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The Faerie Queene, Book I, Dedication
by [?]


TO
THE MOST HIGH, MIGHTIE, AND MAGNIFICENT
EMPERESSE
RENOWNED FOR PIETIE, VERTVE, AND ALL GRATIOVS GOVERNMENT

ELIZABETH

BY THE GRACE OF GOD
Queen of England, Fraunce and Ireland, and of Virginia,
Defender of the Faith etc.

HER MOST HUMBLE SERVAUNT
EDMVND SPENSER
DOTH IN ALL HUMILITIE
DEDICATE, PRESENT, AND CONSECRATE THESE HIS LABOVRS
TO LIVE WITH THE ETERNITIE OF HER FAME.

* * * * *

THE FIRST BOOKE OF
THE FAERIE QUEENE

CONTAINING

THE LEGENDE OF THE KNIGHT OF THE RED
CROSSE, OR OF HOLINESSE


I

Lo I the man,[*] whose Muse whilome did maske,
As time her taught, in lowly Shepheards weeds,
Am now enforst a far unfitter taske,
For trumpets sterne to chaunge mine Oaten reeds,
And sing of Knights and Ladies[*] gentle deeds; 5
Whose prayses having slept in silence long,
Me, all too meane, the sacred Muse areeds
To blazon broade emongst her learned throng:
Fierce warres and faithfull loves shall moralize my song.

II

Helpe then, O holy Virgin chiefe of nine,[*] 10
Thy weaker Novice to performe thy will;
Lay forth out of thine everlasting scryne
The antique rolles, which there lye hidden still,
Of Faerie knights[*] and fairest Tanaquill,[*]
Whom that most noble Briton Prince[*] so long 15
Sought through the world, and suffered so much ill,
That I must rue his undeserved wrong:
O helpe thou my weake wit, and sharpen my dull tong.

III

And thou most dreaded impe of highest Jove,[*]
Faire Venus sonne, that with thy cruell dart 20
At that good knight so cunningly didst rove,
That glorious fire it kindled in his hart,
Lay now thy deadly Heben bow apart,
And with thy mother milde come to mine ayde;
Come both, and with you bring triumphant Mart,[*] 25
In loves and gentle jollities arrayd,
After his murdrous spoiles and bloudy rage allayd.

IV

And with them eke, O Goddesse heavenly bright,[*]
Mirrour of grace and Majestie divine,
Great Lady of the greatest Isle, whose light 30
Like Phoebus lampe[*] throughout the world doth shine,
Shed thy faire beames into my feeble eyne,
And raise my thoughts, too humble and too vile,
To thinke of that true glorious type of thine,[*]
The argument of mine afflicted stile:[*] 35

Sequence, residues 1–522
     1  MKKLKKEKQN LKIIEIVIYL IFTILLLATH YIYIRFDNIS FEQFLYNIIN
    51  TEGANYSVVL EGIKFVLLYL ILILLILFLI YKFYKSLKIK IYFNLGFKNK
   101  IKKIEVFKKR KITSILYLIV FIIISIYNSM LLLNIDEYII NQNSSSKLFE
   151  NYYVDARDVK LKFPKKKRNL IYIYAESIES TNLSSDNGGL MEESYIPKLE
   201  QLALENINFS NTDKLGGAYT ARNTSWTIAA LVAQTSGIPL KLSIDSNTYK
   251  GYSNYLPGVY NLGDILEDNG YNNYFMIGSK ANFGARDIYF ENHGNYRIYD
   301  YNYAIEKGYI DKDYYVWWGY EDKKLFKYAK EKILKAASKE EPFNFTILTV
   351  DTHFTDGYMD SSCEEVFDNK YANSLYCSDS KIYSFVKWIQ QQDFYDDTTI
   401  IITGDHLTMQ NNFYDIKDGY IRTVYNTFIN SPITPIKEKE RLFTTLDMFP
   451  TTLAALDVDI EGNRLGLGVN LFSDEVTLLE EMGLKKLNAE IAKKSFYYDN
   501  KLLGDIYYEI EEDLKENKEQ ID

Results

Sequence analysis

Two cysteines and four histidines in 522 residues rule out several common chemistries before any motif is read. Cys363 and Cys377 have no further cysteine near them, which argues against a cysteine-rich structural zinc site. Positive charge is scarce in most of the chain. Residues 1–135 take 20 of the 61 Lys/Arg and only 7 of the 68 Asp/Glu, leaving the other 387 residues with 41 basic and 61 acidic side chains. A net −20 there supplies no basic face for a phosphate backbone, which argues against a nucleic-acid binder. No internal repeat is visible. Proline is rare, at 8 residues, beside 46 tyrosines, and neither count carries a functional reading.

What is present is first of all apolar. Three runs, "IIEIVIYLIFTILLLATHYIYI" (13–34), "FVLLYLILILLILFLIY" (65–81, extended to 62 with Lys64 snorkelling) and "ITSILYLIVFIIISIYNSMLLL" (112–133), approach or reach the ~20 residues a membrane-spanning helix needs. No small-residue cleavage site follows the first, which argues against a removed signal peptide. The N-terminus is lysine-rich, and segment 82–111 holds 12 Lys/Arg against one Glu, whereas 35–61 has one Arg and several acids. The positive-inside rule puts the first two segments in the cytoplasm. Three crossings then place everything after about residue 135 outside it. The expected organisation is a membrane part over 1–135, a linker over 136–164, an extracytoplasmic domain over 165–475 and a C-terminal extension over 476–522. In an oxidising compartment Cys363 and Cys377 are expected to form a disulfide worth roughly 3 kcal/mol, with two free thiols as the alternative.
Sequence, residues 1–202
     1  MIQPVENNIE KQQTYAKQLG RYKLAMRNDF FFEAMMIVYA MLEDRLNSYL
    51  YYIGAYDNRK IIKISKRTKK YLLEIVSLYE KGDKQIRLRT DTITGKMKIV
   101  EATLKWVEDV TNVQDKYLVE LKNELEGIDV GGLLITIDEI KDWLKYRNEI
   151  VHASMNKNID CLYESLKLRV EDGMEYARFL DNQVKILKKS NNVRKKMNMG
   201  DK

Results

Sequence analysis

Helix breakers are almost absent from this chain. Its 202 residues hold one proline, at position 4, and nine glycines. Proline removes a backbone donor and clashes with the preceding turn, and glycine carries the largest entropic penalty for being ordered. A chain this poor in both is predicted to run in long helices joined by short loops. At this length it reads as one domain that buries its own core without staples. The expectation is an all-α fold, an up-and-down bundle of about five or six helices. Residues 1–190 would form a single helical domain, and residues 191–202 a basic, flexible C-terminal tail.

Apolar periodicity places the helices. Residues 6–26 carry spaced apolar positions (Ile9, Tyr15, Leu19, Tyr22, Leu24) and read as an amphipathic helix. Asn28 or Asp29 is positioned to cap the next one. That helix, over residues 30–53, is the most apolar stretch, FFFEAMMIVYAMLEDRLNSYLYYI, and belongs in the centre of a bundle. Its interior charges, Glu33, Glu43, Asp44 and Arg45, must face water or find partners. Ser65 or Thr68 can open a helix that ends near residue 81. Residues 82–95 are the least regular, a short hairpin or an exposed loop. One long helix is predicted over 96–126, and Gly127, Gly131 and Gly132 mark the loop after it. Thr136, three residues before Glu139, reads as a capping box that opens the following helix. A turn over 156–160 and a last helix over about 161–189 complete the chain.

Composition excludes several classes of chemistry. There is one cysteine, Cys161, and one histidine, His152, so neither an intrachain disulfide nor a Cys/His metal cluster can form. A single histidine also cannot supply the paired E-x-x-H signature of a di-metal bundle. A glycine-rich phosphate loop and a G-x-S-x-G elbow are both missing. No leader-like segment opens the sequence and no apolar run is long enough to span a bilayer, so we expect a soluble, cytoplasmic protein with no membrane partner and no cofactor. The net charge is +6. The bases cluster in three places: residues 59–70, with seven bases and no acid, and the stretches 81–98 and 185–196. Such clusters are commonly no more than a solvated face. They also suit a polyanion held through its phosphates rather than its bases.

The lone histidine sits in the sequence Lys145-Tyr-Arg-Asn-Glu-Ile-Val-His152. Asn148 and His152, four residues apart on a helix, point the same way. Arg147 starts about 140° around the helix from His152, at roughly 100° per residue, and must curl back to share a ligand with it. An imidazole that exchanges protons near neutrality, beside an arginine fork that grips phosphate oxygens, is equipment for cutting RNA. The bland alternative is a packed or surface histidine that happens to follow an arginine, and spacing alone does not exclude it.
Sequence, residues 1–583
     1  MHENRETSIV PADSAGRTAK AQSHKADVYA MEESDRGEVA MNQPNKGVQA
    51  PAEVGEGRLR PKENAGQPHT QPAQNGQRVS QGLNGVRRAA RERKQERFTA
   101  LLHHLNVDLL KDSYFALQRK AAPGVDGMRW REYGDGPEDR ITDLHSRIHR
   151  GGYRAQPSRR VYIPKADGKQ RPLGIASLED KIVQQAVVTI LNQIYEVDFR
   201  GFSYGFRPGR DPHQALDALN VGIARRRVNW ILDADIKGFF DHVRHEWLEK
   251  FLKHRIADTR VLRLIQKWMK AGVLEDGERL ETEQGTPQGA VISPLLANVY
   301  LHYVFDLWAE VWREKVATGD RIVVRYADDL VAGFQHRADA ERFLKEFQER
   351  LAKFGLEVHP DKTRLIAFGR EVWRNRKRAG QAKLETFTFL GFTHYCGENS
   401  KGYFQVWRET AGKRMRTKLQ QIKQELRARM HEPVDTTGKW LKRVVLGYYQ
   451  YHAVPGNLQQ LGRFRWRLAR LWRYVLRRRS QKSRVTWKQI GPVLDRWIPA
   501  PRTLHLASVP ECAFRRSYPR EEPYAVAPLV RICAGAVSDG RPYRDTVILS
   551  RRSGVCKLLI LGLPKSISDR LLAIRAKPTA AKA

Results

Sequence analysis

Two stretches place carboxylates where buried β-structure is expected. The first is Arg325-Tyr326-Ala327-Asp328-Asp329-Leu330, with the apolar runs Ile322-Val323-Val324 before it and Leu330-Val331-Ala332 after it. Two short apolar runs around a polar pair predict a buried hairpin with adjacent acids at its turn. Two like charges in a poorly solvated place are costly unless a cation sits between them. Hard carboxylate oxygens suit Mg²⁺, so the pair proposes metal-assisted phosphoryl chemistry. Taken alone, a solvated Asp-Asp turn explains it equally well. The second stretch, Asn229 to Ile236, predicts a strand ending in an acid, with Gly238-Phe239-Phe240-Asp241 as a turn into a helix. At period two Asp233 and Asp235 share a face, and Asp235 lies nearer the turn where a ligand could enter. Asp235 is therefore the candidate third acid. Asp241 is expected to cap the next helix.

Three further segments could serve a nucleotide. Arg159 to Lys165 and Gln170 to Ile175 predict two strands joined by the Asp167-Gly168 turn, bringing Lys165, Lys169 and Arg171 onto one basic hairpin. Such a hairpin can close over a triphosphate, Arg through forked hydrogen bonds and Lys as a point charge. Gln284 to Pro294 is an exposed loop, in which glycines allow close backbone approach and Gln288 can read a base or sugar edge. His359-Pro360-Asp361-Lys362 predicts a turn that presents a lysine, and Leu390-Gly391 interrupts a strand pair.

The which to heare, vouchsafe, O dearest dred,[*] a-while.

NOTES:

LINE 1. LO I THE MAN…. An imitation of the opening lines of Vergil’s Aeneid:–

“Ille ego, qui quondam gracili modulatus avena
Carmen,…
Gratum opus agricolis, at nunc horrentia Martis.”

Referring to his Shepheards Calender (1579) Spenser thus gracefully indicates his change from pastoral to epic poetry.

5-9. KNIGHTS AND LADIES. The poet here imitates the opening of Ariosto’s Orlando Furioso.

10. O HOLY VIRGIN CHIEFE OF NINE, refers to Clio, the muse of history. Spenser should have invoked Calliope, the muse of poetry.

14. OF FAERIE KNIGHTS, the the champions of Gloriana, the queen of Faerieland. FAIREST TANAQUILL, a British princess, daughter of Oberon, king of Faerieland. In the allegory she is Queen Elizabeth.

15. THAT MOST NOBLE BRITON PRINCE is Prince Arthur, the perfect knight, who is in love with Gloriana. In the allegory the Earl of Leicester is probably meant, though by one tradition Sir Philip Sidney is identified with Prince Arthur.

19. IMPE OF HIGHEST JOVE, Cupid, the god of love, and son of Jupiter and Venus. He is represented as armed with an ebony bow (l. 23).

25. TRIUMPHANT MART, Mars, the god of war. The spelling is that of the Italians and Chaucer.

28. O GODDESSE HEAVENLY BRIGHT, Queen Elizabeth (aged 56), who was fond of such extravagant flattery, and expected it of all her courtiers.

31. PHOEBUS LAMPE, Apollo, the sun-god.

34. GLORIOUS TYPE OF THINE, the Lady Una, who stands for Truth in the allegory.

35. THE ARGUMENT OF MINE AFFLICTED STILE, the subject of my humble pen. “Afflicted” has the original Latin sense of “cast down.”

36. O DEAREST DRED, O beloved object of reverence; a common salutation of royalty.